Apple’s brilliant, deceptively simple Front Row software has a bright future and raises questions – October 28, 2005
Apple’s Front Row hits torrent sites, video showing application running on Mac mini – October 25, 2005
NY Times’ Pogue: Apple’s iMac G5 with sleek, virus-free, spyware-free OS earns place in living room – October 20, 2005
Analyst: ‘media companies will call Apple to strike deals, Front Row is Media Center done right’ – October 12, 2005
Apple’s new iMac G5, iTunes 6, iPod video designed to bait Hollywood – October 13, 2005
Apple’s Front Row with Apple Remote and iMac G5: media center done right – October 12, 2005
Apple’s Front Row with Apple Remote and iMac G5: media center done right – October 12, 2005
Apple introduces new thinner iMac G5 with built-in iSight video camera, ‘Front Row’ media experience – October 12, 2005

16 Comments

  1. It seems pretty smart for Apple to only offer these features on their best selling, full featured iMac just before the holiday shopping season. I think we’ll see Front Row included in the mini and also the portables (along with built-in iSights in the laptops) announced in January, most likely as part of iLife ’06.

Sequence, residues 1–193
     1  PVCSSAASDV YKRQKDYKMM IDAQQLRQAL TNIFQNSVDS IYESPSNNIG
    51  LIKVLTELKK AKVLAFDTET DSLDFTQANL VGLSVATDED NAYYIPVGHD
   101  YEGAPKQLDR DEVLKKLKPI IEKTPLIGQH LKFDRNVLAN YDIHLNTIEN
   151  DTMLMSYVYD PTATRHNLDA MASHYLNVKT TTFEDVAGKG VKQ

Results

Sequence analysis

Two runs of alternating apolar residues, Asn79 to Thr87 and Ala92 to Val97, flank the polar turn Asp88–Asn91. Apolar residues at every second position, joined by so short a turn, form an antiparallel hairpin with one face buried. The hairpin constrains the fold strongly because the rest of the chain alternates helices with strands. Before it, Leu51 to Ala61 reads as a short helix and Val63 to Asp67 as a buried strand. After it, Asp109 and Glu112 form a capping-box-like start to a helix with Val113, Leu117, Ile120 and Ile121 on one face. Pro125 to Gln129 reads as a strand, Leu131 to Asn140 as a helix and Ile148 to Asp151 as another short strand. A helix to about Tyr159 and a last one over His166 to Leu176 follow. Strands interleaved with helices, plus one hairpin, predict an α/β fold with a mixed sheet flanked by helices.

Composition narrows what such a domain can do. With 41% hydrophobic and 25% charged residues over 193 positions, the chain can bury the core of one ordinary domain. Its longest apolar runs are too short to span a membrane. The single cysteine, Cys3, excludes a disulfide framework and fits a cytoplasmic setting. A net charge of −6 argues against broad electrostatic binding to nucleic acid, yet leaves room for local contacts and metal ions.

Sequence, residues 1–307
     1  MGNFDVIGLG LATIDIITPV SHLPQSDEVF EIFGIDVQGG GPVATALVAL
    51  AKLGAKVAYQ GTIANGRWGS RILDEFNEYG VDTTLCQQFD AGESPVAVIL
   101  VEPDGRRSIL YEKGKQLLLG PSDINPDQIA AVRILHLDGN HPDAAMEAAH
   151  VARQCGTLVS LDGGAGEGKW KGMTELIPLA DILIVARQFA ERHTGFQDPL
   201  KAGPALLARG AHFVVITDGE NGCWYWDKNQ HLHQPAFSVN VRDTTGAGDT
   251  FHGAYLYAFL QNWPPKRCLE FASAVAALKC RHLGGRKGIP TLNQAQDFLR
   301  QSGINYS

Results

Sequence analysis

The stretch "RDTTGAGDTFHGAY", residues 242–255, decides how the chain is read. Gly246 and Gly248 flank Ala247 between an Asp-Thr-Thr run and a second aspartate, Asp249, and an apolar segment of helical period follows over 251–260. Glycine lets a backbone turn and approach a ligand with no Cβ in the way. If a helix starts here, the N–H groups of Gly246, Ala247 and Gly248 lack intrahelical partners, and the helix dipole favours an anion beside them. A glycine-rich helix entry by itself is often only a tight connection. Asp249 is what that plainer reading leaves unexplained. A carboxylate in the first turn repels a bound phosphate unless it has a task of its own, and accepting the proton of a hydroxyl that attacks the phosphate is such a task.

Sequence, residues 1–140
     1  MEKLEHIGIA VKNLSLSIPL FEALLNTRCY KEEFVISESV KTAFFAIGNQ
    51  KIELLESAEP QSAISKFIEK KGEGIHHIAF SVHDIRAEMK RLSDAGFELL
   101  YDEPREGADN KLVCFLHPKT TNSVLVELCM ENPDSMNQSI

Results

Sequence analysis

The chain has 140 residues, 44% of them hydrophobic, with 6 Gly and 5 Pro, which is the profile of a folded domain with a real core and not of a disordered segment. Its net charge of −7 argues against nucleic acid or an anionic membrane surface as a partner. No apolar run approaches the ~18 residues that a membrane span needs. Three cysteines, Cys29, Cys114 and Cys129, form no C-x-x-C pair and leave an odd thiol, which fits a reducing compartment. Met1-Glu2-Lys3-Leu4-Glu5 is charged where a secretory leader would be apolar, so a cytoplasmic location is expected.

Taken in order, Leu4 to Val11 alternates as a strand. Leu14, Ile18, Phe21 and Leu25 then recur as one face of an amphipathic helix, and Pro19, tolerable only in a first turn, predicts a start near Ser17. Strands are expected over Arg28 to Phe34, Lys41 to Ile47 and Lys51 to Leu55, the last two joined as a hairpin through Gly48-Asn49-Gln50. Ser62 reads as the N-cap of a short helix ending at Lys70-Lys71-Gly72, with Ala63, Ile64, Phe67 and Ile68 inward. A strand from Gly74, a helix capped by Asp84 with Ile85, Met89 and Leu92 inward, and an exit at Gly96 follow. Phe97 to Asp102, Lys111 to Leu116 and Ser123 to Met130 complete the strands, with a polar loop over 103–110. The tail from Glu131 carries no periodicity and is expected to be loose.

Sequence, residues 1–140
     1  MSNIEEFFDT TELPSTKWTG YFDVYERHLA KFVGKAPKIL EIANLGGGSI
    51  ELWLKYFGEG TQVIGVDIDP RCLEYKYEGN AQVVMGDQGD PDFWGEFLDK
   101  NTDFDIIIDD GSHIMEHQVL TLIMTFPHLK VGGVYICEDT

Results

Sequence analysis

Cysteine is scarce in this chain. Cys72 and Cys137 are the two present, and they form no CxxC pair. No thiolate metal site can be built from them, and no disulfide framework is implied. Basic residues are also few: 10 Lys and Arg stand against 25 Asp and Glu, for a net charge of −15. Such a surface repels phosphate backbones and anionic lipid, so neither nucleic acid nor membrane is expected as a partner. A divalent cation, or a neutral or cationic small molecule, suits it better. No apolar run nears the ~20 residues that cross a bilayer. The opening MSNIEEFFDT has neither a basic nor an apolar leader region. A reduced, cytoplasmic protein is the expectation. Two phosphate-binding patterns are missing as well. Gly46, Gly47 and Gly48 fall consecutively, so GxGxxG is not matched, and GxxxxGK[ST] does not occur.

Many waters are being tested at the moment, and while Apple may have their hands in many cookie jars, it amazes me how easy it is to see many of their current trials converging into an even more insanely featured end product. In the next year, the mini could very well replace many computers, stereos, TiVos, DVRs, DVD players, iPod docks, and Routers. It will easily manage all of those tasks in one simple, elegant, stable, secure, insanely small package that you could fit in a drawer on an entertainment center (if you are foolish enough to hide the beautiful little box in a drawer).